2020 China–India skirmishes are part of an ongoing military standoff between China and India. Since 5 May 2020, Chinese and Indian troops have reportedly engaged in aggressive melee, face-offs and skirmishes at locations along the Sino-Indian border, including near the disputed Pangong Lake in Ladakh and the Tibet Autonomous Region, and near the border between Sikkim and the Tibet Autonomous Region. Additional clashes are ongoing at locations in eastern Ladakh along the Line of Actual Control (LAC) that has persisted since the 1962 Sino-Indian War.
In late May, Chinese forces objected to Indian road construction in the valley. According to Indian sources, melee fighting on 15/16 June 2020 resulted in the deaths of 20 Indian soldiers (including an officer) and 43 Chinese soldiers (including an officer). Several news outlets stated that 10. 2020 China–India
Indian soldiers, including 4 officers, were taken captive and then released by the Chinese on 18 June. An unconfirmed number of Chinese soldiers were also captured and later released by India.2020 China–India
On 5 May, the first standoff began as a clash between Indian and Chinese soldiers at a beach of Pangong Tso, a lake shared between India and Tibet, China, with the Line of Actual Control (LAC) passing through it The Indian soldiers involved in the clash were from 17 Kumaon Regiment.
A video showed soldiers from both nations engaging in fistfights and stone-pelting along the LAC. On 10/11 May, another clash took place. A number of soldiers on both sides had sustained injuries. Indian media reported that around 72 Indian soldiers were injured in the confrontation at Pangong Tso,
Some had to be flown to hospitals in Leh, Chandi Mandir and Delhi.According to The Daily Telegraph and other sources, China captured 60 square kilometres (23 sq mi) of Indian-patrolled territory between May and June 2020.
After the clash, several Chinese military helicopters were spotted flying near the Indian border on at least two occasions. India deployed several Sukhoi Su-30MKI jets to the area. Reports that Chinese helicopters had repeatedly violated Indian airspace were denied by the Indian government. There were reports of Chinese soldiers approaching Indian soldiers with improvised weaponry of barbed wire “sticks”. By 27 June.
The Chinese were reported to have increased military presence on both the northern and southern banks of Pangong Tso, strengthened their positions near Finger 4 (contrary to what the status quo was in April), and had even started construction of a helipad, bunkers and pillboxes .Satellite imagery between 12 and 26 June, by Planet Labs shows that the Chinese army increased infrastructure between Finger 4 and 5 in a massive scale, which includes tents, trenches, water tanks and stationed equipment and vehicles along with some camouflaged structures. However, no Chinese helipad and ammunition could be visible from the images.
They even inscribed the ancient name of China, Zhongguo (Central state) along with the present day map of China on the shore of the lake between Finger 4 and 5. Both countries have multiple high powered boats for patrolling the Pangong Lake which is 13,900 feet above sea level. While the Indian Army already had multiple boat patrolling teams stationed, the Indian Navy, in July 2020, was called in to match the presence of the Chinese Type 928 B vessels at the lake. 2020 China–India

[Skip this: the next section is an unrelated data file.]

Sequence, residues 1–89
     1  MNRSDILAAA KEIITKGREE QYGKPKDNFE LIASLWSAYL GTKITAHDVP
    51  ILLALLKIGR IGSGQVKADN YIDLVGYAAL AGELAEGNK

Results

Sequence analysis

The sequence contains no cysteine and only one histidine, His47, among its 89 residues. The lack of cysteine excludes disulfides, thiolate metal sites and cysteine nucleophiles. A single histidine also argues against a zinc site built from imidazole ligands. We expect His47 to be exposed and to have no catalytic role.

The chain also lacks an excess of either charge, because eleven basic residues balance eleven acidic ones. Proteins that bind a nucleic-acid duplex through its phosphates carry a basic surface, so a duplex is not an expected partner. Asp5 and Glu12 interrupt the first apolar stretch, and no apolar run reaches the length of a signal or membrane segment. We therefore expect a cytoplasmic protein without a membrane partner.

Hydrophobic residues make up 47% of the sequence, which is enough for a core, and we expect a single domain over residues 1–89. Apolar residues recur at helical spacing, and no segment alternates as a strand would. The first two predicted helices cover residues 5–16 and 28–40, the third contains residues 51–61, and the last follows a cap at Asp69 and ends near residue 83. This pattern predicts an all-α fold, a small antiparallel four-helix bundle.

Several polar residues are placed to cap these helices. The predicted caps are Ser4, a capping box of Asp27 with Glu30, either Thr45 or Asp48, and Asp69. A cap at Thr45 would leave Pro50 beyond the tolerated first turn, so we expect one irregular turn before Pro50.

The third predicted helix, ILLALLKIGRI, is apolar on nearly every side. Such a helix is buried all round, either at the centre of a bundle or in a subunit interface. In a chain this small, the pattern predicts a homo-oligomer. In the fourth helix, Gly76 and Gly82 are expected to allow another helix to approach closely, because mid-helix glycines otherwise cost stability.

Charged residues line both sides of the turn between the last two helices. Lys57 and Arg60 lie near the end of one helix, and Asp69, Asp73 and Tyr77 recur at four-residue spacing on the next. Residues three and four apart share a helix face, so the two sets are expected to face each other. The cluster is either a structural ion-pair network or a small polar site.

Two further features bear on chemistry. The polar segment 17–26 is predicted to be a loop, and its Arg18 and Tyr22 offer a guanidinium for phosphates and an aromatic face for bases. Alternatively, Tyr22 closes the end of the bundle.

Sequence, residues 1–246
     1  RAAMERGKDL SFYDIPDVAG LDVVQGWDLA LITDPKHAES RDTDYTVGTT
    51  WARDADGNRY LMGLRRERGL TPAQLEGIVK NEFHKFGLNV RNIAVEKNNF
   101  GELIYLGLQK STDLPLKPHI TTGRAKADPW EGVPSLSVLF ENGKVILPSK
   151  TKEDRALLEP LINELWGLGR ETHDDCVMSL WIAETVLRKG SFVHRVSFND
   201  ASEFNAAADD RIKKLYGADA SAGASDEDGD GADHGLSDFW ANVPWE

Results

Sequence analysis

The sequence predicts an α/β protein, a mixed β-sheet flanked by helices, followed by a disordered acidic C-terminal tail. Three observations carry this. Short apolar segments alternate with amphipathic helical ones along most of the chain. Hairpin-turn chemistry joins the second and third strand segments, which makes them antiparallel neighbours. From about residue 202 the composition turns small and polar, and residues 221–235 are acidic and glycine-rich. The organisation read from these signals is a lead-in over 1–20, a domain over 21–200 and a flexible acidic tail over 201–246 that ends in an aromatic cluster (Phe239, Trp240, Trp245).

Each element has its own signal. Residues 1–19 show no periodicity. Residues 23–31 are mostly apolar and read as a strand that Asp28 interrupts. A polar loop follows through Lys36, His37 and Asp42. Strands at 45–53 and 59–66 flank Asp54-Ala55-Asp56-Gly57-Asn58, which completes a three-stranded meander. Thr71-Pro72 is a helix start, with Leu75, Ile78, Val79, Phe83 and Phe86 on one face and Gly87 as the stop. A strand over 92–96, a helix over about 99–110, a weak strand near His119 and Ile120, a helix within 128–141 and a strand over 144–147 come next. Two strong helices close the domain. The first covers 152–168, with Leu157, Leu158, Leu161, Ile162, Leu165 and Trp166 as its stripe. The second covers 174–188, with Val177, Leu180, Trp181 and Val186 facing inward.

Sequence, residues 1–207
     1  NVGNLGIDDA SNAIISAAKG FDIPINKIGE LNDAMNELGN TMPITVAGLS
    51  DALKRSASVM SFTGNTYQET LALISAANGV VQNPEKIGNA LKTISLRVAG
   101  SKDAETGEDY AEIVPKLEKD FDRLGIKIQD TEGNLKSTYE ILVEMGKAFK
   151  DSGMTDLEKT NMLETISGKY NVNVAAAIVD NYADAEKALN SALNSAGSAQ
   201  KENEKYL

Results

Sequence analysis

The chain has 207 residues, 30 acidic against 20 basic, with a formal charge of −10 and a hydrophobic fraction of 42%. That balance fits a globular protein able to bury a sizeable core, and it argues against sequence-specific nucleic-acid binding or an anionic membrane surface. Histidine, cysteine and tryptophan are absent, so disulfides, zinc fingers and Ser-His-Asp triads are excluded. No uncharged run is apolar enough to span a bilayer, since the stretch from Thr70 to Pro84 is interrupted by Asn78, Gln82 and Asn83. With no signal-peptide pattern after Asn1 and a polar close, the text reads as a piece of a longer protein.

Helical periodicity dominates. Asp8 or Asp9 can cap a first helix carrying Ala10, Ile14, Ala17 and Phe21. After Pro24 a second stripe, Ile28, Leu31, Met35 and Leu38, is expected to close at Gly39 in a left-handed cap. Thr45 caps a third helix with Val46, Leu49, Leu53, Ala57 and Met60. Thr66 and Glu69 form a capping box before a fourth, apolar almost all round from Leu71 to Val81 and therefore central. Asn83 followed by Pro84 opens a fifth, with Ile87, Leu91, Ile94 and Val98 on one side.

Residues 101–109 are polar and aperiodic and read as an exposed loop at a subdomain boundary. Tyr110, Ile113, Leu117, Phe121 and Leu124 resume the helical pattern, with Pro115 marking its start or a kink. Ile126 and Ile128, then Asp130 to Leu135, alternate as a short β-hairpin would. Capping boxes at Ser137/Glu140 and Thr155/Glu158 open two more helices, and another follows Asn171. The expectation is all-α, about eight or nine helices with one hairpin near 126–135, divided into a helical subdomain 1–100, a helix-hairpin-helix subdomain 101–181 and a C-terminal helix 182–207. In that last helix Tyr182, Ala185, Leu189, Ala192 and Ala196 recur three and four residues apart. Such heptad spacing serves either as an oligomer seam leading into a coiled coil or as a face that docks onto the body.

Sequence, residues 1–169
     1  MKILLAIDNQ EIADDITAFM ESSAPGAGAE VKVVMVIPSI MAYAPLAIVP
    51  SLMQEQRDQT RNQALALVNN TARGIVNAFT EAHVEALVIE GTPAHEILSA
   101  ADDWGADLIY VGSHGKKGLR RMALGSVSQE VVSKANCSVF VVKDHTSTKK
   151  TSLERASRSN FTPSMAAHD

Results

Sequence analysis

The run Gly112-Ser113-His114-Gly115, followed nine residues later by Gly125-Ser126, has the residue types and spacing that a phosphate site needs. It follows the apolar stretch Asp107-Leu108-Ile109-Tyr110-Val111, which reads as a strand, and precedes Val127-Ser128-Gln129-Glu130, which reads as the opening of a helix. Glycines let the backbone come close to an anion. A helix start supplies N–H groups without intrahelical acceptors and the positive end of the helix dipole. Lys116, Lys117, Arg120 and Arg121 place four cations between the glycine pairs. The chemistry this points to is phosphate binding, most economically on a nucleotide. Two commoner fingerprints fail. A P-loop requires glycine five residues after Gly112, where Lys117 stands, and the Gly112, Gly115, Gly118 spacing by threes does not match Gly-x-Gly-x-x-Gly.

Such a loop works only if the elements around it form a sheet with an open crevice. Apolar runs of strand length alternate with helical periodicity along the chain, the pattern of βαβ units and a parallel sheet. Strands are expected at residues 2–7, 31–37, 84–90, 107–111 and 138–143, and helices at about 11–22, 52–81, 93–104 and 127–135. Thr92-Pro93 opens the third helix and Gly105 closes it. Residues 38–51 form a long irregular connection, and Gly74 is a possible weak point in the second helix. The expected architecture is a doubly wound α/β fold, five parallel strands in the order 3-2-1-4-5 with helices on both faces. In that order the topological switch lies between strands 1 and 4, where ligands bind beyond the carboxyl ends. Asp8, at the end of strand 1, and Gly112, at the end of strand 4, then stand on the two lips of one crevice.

How China and India Came to Lethal Blows
Beijing saw a threat in New Delhi’s steady improvement of borderland infrastructure and renewed Indian claims on disputed territory.
NEW DELHI — Tensions between Indian and Chinese troops have simmered since early May in the remote, high Karakoram mountains that separate India’s northern Ladakh region from the alkaline desert of Aksai Chin, which is claimed by India but controlled by China and abuts its Xinjiang province.
It is a forbidding landscape of cold deserts, snow-capped peaks, sparse vegetation and freezing temperature about 14,000 feet above sea level. On Monday evening, in a brutal hand-to-hand battle, Chinese soldiers killed at least 20 Indian soldiers with wooden staves and nail-studded clubs, in the severest escalation of the dispute on the Sino-Indian frontier in decades.
British colonial authorities bequeathed India a border with China that was neither delineated on a map nor demarcated on the ground. After China invaded Tibet in 1950 and the two Asian giants sought to formalize their frontier, the territorial dispute emerged. The Sino-Indian border dispute involves about 13, 500 square miles in Ladakh and Aksai Chin and about 35,000 square miles in the northeastern Indian state of Arunachal Pradesh, which China calls South Tibet.
In 1962, the border dispute flared into a war. China won conclusively but retreated after a cease-fire to what were broadly its prewar positions. That de facto border, which is called the Line of Actual Control, is patrolled by both armies. Occasional unarmed clashes have taken place over the years despite five agreements aimed at reducing the risk of combat.
China has built a network of roads and tracks on its side of the Line of Actual Control, but the Chinese military has consistently objected to India’s far slower but steady improvement of borderland infrastructure.
One of the key Indian projects is the construction of the Darbuk-Shyok-Daulat Beg Oldi road in Ladakh, cutting through treacherous mountain ridges as high as 16,000 feet. The road runs almost parallel to the disputed border with Chinese-controlled Aksai Chin and reaches Daulat Beg Oldi, an Indian military base and landing ground for the Indian Air Force, about 12 miles from Karakoram Pass, which separates Ladakh from Xinjiang